Barry Walker Sr.
First-term Irmo Mayor Barry Walker announced Sept. 26 that he had tested positive for the coronavirus. The mayor’s wife, Susan, also got COVD-19, Walker said on social media. “As you know I’m a kidney patient and require weekly dialysis,” Walker wrote. “This virus compromises my immune system. I have been ever vigilant about wearing my mask in public and I’ve encouraged others to do so as well. Please understand this virus is NO JOKE. While Susan and I are doing OK and we expect to make a full recovery, our symptoms have been difficult. We have experienced a severe lack of energy and neither of us can taste or smell.” Walker was a town councilman in Irmo for four terms before being elected mayor in 2019. “I encourage everyone to continue practicing common sense measures like social distancing, hand washing and using sanitizer,” Walker wrote in his COVID announcement. “And please, wear your masks in public to protect yourself and others.”
SC leaders stunned by report Parris Island could close
South Carolina’s top officials were caught off guard by a report that Parris Island, the longstanding Marine recruiting depot in the Palmetto State, could close. The news was first reported by military.com. In a follow-up story, The Post and Courier‘s Thomas Novelly reports that Marine leaders are considering an idea where the two main Marine training locations — Parris Island and San Diego — could close, giving way to a new facility where men and women could train together. Women Marines have trained at Parris Island for decades, but platoons have not been fully co-ed. U.S. Sen. Lindsey Graham, R-S.C., spoke out against the move. “If you’re looking to save money — let’s start with cutting those people who think closing Parris Island is a good idea,” Graham tweeted. “Anyone in the Navy or Marine Corps thinking about closing Parris Island has limited growth potential.” The office of Republican Gov. Henry McMaster also says he wants Parris Island to remain open. “Parris Island’s historic and economic significance is woven into the very fabric of our state and the Lowcountry,” McMaster spokesman Brian Symmes says. “Simply put, there is nothing Gov. McMaster won’t do to protect Parris Island and its status as one of the best military training installations in the world.” The recruit depot is responsible for more than $700 million in annual economic impact, and supports more than 6,100 jobs.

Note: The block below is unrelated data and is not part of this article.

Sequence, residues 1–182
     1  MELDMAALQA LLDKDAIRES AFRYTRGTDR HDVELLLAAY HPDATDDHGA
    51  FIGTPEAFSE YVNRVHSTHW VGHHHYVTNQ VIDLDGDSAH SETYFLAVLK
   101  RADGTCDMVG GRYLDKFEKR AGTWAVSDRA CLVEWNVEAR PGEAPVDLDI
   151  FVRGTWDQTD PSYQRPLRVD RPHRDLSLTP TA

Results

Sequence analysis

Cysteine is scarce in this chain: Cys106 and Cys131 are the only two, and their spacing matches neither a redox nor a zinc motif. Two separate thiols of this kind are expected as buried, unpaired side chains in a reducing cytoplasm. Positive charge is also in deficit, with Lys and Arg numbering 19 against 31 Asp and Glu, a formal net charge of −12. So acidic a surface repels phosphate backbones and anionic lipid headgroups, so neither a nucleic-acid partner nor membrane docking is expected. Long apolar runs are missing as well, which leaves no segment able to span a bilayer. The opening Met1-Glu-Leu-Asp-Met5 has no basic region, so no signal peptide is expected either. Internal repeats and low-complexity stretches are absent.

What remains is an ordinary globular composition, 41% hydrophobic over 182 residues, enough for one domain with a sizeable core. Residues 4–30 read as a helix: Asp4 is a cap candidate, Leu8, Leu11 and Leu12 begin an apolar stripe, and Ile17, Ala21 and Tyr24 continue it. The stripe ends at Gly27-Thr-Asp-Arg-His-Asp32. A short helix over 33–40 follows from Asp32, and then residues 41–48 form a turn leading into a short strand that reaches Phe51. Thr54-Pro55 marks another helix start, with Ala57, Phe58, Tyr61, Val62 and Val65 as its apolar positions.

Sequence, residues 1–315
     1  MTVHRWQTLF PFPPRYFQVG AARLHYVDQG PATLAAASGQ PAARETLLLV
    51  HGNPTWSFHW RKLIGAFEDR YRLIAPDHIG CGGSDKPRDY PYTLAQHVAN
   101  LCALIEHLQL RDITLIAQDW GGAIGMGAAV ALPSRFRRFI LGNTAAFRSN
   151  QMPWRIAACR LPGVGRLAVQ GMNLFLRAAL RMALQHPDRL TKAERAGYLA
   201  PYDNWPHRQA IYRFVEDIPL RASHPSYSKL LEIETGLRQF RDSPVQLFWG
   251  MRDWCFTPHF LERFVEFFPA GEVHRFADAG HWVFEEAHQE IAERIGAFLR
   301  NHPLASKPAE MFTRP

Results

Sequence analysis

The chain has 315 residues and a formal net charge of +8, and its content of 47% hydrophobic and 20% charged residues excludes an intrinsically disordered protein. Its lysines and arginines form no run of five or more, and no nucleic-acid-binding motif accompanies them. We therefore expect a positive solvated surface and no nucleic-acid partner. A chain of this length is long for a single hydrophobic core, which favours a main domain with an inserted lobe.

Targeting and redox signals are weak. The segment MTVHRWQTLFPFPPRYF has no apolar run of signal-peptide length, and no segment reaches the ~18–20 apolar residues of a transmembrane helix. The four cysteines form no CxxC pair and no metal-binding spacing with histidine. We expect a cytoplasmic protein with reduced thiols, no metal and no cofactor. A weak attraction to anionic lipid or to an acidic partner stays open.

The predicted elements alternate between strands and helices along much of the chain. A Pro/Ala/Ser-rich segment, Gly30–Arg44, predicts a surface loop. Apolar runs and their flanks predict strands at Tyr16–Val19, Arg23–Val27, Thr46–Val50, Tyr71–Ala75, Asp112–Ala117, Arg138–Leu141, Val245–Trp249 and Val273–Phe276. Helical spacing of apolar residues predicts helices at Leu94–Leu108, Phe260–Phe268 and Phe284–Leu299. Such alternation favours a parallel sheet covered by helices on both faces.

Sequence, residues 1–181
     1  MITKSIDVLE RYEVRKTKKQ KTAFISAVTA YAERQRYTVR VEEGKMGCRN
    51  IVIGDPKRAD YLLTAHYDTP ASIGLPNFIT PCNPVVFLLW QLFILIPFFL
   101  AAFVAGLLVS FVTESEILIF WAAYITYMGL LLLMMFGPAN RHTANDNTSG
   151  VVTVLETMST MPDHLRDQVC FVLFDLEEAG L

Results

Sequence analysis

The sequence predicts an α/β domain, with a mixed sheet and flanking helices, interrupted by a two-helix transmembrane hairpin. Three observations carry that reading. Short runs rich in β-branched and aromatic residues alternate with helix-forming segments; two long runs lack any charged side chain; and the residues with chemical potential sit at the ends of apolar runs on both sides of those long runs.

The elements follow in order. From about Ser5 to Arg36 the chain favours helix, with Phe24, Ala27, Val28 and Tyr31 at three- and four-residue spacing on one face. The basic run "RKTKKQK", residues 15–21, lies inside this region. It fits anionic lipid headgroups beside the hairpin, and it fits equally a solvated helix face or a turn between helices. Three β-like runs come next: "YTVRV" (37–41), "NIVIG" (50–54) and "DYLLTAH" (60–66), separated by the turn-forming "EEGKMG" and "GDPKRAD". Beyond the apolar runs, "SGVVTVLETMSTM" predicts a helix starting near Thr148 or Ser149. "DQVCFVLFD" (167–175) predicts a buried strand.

Another two COMET bus drivers test positive for coronavirus
Columbia’s bus system announced another two drivers have tested positive for COVID-19. The COMET, the regional bus system that serves Richland and parts of Lexington and Newberry counties, announced the two latest cases on Sept. 25. That brings the total to four drivers who have come up positive with the virus in less than a month. According to a news release from COMET, the two latest drivers who got the virus will be quarantined until they have a negative test. The drivers last drove fixed routes 61, 11 and 801 on the evening split, and fixed routes 83L/84 and 401/45. “As the pandemic evolves, we will continue to be transparent to protect the community and to do our part to reduce cases,” COMET CEO John Andoh says. “Our protocols are also evolving as we continue to explore newer and better ways to ensure that we protect our staff and our passengers so they can continue to travel safely.” The COMET has undertaken a host of safety protocols, including masks required for passengers and drivers, half-capacity buses, frequent sanitizing and deep cleaning of vehicles, and more. The bus system is in the process of getting safety screens on all of its buses that separate drivers from riders.